That year he joined Stuttgart Ballet as a member of the corps du ballet and quickly rose through the ranks. When the Stuttgart Ballet had a brief run at City Center in New York in 2000, legendary dance critic Anna Kisselgoff noticed the young Vogel. "Friedemann Vogel," she writes, "a 19-year-old in the corps, is already a standout, eye-catching in his lively purity." In 2002 he was promoted to first soloist, the company's highest rank. In the same year he also won the much-coveted Erik Bruhn Prize for young dancers, beating Guillaume Côté and David Hallberg, of National Ballet of Canada and American Ballet Theatre respectively. (The female prize went to ABT's Michelle Wiles).

His repertory includes title roles in the classics as well as principal roles in pieces by choreographers ranging from Balanchine to Forsythe and Béjart. Vogel's technique, like many of today's ballet stars, is impeccable. (But some are more impeccable than others). Beyond technique, though, Vogel is a versatile dancer who handles any material with a confidence that's rare even among the top echelons. His dancing has a unique, lyrical quality that's hard to describe--might have something to do with his beautiful lines, remarkable sense of musicality and above-average flexibility (among male dancers). With good looks and great dancing, it is no wonder that Vogel always stands out. He has guested for several companies and has always attracted much attention, including in London (2005 and 2007).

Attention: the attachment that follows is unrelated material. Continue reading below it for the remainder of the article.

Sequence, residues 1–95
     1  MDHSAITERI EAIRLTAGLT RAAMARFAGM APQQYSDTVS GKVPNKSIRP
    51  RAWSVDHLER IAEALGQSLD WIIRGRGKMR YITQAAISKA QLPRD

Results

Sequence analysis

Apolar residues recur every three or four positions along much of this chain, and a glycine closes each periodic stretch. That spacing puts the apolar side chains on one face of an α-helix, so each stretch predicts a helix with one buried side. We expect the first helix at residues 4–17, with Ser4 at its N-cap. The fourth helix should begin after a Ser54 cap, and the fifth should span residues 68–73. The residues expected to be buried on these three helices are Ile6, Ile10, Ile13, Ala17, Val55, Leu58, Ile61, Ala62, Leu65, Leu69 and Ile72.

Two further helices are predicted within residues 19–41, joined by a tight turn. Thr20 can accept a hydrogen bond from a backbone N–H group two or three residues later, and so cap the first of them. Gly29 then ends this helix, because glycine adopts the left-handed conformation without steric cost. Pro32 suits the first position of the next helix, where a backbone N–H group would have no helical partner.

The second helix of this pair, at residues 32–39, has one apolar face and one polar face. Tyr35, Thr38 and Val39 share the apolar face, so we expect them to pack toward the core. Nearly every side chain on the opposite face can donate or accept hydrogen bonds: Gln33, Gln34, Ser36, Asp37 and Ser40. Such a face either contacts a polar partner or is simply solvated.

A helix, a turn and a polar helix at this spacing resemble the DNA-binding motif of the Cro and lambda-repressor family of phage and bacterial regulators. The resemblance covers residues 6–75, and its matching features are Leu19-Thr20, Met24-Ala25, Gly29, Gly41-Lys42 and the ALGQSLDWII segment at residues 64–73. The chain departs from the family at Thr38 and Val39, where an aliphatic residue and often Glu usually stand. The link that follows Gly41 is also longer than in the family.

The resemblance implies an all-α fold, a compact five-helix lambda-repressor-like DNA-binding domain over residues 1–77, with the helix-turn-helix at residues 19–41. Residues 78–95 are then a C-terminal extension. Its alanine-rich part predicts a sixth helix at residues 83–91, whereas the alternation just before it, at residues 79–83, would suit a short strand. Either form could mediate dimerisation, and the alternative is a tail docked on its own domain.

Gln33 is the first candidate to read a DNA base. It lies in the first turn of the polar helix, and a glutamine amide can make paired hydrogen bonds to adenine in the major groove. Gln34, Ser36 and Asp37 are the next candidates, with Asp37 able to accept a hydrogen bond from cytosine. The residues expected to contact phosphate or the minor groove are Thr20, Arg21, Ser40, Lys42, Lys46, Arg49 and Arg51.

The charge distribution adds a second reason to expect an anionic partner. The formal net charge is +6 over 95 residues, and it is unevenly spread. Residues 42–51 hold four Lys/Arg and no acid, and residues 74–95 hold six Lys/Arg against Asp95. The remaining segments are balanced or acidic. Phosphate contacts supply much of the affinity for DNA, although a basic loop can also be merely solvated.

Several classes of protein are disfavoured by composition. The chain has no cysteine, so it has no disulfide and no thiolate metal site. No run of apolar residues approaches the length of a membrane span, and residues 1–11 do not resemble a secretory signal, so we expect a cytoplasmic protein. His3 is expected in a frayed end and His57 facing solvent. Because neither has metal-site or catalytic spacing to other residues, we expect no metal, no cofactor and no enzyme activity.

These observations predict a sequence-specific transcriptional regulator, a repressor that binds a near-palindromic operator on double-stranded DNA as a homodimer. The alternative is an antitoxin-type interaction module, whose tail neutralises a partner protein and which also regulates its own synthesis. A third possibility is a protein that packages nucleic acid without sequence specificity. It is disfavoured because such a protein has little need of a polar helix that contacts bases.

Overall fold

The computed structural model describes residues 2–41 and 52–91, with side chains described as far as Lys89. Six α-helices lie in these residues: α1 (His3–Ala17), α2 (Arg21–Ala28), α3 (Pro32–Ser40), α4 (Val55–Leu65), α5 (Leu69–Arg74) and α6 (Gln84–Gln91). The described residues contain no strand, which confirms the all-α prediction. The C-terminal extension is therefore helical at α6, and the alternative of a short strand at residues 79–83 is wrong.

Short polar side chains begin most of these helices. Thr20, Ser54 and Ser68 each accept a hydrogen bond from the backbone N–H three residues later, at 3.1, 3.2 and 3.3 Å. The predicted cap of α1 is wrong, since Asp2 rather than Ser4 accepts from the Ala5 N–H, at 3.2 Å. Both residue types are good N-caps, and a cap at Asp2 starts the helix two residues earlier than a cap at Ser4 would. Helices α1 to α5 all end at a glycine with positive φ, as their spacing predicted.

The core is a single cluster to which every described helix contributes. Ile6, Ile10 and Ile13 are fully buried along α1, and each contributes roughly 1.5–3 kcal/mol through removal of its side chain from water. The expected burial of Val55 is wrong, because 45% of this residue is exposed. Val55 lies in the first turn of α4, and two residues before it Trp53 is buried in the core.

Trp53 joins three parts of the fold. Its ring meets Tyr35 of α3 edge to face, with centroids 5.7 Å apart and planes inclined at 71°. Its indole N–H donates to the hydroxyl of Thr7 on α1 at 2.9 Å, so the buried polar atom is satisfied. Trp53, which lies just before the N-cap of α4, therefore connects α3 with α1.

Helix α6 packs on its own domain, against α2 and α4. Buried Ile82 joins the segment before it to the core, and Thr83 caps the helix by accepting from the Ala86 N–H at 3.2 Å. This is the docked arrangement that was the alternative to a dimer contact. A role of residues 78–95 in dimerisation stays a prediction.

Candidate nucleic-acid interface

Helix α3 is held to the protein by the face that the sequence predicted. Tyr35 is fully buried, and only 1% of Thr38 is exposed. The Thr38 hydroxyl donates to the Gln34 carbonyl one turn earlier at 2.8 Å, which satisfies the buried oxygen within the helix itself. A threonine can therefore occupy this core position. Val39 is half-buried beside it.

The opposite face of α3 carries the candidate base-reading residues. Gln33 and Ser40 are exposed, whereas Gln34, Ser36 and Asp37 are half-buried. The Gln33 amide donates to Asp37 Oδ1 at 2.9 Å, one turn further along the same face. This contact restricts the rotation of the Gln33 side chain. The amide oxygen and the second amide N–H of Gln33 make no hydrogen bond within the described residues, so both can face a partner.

But all the accolades and rave reviews don't mean anything. You've got to see him dance live. Luckily for us, we're all in for a treat as Friedemann Vogel is coming to London. The Stuttgart Ballet is bringing its production of John Cranko's Romeo & Juliet to the city as part of the Spring Dance Season at the Coliseum, the line-up of which will get any dance lover excited: The New York City Ballet, with four different programs (!), Stuttgart, Carlos Acosta with Guest Artists, and Sylvie Guillem/Russell Maliphant (!). There will be eight performances of Romeo & Juliet, from Tuesday March 25 - Sunday March 30. By the way, if you're interested in any of the shows, my advice is: book now! Many of them will sell out. Unfortunately I don't know which dates he is performing yet.. But will definitely try to find out.

If you miss Vogel in March, he's coming back to London again in June, guesting in Derek Deane's "Strictly Gershwin" at Royal Albert Hall, an "in-the-round dance celebration of Gershwin greats." (Last June he was Prince Siegfried in Deane's in-the-round Swan Lake at the same venue and outdoors at Versailles in July). Along with Vogel, Royal Ballet's Tamara Rojo and National Ballet of Canada's Guillaume Côté are joining the dancers of English National Ballet. The show runs from 13-22 June.